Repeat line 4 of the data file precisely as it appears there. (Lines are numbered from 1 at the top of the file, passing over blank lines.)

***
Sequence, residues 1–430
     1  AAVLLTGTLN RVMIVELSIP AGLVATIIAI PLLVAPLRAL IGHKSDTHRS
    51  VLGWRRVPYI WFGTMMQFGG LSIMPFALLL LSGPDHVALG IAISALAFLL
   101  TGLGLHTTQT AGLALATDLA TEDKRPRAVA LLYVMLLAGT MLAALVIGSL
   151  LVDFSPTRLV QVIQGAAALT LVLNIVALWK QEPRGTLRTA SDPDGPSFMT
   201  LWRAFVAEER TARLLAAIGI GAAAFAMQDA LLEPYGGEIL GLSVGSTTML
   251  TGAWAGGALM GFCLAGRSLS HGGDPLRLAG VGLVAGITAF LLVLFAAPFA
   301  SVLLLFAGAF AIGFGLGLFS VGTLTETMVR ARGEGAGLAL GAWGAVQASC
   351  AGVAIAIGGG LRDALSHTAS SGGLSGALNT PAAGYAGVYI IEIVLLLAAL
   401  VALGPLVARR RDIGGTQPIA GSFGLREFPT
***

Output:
   101  TGLGLHTTQT AGLALATDLA TEDKRPRAVA LLYVMLLAGT MLAALVIGSL